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Israel’s climate tech sector plummeted in 2023

The war and infighting over Netanyahu’s moves wreaked havoc on the country’s sustainability startups.

Wind turbines generate renewable geothermal energy on a mountain top in northern Israel.

Wind turbines generate renewable geothermal energy on a mountain top in northern Israel. Photo courtesy of Shutterstock/Yehoshua Halevi

Funding for Israel’s climate tech sector experienced a massive dropoff in 2023. The first half of the year saw a 60 percent decline in venture capital investment, to just $551 million, compared to 2022. The second half of 2023 had only 13 deals, totaling $96.07 million, according to data from Pitchbook.

Investors reduced funding in the first half — and many Israeli startups moved operations out of the country — after Prime Minister Benjamin Netanyahu’s government introduced a controversial bill that weakened the powers of the country’s supreme court.

Until 2023, Israel’s climate tech sector had seen massive growth. Data from the Israel Innovation Authority showed an increasing number of climate tech startups each year — 2022 saw a total of 694 startups, while 2023 saw an increase to 784. In 2022 alone, the Israeli climate tech sector raised $2.5 billion — ;a record for the country’s fledgling industry. 

As outside money fled, so did many startups, who moved people and operations outside the country. Some of them lost workers or loved ones in the Oct. 7 massacre by Hamas. Others are operating on an emergency basis, with minimal staffing. Employees have been called up to fight in Gaza. Executives have been forced to move their families abroad.

"Many of our customers — or potential customers — are Israeli," said Zvika Klier, CEO of Tigi Solar, "and when we call them and want to talk with them about renewable heat, some of them say, ‘My team is in the reserve army and we’re only doing what’s urgent, and if it’s not urgent, we’re not doing it.’"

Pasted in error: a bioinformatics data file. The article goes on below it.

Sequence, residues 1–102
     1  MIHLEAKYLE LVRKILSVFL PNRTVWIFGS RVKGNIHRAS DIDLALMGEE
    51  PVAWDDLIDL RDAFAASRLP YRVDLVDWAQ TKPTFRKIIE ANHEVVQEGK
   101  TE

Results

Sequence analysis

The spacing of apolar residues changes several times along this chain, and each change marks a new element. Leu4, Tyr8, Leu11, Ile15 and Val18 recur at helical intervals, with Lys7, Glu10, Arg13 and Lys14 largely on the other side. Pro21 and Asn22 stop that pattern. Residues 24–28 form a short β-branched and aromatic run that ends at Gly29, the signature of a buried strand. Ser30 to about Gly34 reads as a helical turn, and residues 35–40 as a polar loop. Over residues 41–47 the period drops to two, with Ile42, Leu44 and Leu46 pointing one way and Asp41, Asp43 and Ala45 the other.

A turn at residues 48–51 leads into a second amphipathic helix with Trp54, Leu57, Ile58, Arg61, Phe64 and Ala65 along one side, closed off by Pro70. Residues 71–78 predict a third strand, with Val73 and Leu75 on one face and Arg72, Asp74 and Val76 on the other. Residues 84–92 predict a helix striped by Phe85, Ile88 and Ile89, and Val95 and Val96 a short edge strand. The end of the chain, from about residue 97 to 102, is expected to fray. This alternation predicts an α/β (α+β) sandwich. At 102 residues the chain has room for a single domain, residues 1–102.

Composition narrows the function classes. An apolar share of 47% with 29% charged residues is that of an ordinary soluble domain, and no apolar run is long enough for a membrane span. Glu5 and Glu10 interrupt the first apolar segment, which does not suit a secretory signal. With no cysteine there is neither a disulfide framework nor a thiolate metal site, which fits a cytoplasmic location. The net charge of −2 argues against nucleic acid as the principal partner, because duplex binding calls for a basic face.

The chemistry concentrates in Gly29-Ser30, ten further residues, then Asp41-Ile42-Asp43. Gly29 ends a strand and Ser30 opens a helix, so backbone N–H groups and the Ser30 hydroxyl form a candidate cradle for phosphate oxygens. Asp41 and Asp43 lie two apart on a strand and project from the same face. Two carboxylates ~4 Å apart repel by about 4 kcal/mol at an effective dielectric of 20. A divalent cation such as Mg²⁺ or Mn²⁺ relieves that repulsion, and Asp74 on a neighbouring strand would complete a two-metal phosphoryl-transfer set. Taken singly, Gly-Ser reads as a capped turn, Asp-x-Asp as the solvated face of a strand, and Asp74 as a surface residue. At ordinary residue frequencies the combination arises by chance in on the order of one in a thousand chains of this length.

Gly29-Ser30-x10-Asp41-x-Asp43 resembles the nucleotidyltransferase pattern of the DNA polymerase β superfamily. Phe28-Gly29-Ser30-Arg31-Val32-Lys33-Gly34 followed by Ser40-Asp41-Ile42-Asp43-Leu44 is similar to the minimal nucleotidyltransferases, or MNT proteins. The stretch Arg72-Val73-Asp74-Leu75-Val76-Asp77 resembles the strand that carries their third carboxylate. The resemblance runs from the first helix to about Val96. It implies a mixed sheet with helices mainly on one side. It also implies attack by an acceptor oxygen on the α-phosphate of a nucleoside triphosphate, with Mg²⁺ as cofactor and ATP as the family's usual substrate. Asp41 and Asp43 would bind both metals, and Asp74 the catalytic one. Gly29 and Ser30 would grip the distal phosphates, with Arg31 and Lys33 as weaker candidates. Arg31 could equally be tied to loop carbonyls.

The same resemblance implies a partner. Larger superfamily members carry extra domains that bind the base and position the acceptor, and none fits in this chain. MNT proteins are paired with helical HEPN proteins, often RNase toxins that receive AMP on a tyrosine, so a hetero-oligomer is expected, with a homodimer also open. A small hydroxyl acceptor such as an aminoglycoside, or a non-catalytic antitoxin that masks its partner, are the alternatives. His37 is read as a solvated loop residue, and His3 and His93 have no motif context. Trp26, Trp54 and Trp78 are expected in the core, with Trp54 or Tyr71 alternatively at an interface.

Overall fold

As a whole, global funding for the climate tech sector took a hit in 2023, down a total of 50 percent year-over-year after a period of remaining relatively insulated from external factors. This likely contributed to Israel’s plummet in climate tech funding. 

"Eighteen months ago, climate tech was not a thing in Israel," Uriel Klar, director of PLANETech, told GreenBiz last year, "and [in 2022] there are 700 startups and a record $2.5 billion in investments." 

Then, in early October, Hamas attacked Israel, killed 1,200 people, kidnapped 240, and started a war that has claimed a further 23,000 lives — and has yet to end. 

In the wake of the Hamas attacks, 300,000 Israelis — many from within the sector — were called into reserves by the Israeli Defence Forces. Others were forced to manage their businesses with a depleted workforce and staff in mourning for the dead.

Because of the instability of the domestic market, Klier said, Tigi Solar is instead focusing its sights on Europe for overseas partnerships. 

"One of our business development directors lost her brother [in the attacks]," said Dots.Eco co-founder and chief growth officer Daniel Madrid. "So that has been really heartbreaking for her, of course. She has not been able to come back to work, mentally." Dots.Eco is an online platform that rewards online gaming milestones with real-life ecological conservation, like planting trees, removing plastic from oceans, or coral reef preservation.

Madrid decided to relocate his entire family to France, citing his pregnant French wife as the catalyzing factor. "I had plans to move to Paris with my wife and [newborn] August of next year [2024], but this situation precipitated everything."

The official numbers for Israel’s climate tech sector in the second half of 2023 are sparsely reported. Net Zero Insights, a platform that updates global climate tech deals in real-time, currently has Israel at 50 deals, totaling $175.26 million. The discrepancy between Pitchbook and Net Zero Insights' numbers are likely due to each platform’s definition of the term "climate tech." Either way, neither one paints a prosperous picture for Israel.

Israel’s climate tech industry is largely dependent upon Western sources for funding — 48 percent of corporate and venture capital funding is non-Israeli, with the bulk coming from U.S.-based corporate venture capital sources, including Microsoft, Amazon and Bayer. 

"The Israeli and American market are very much interconnected, at least when it comes to climate innovation," said Gideon Behar, Israel’s special envoy for climate change and sustainability, to GreenBiz during COP28.

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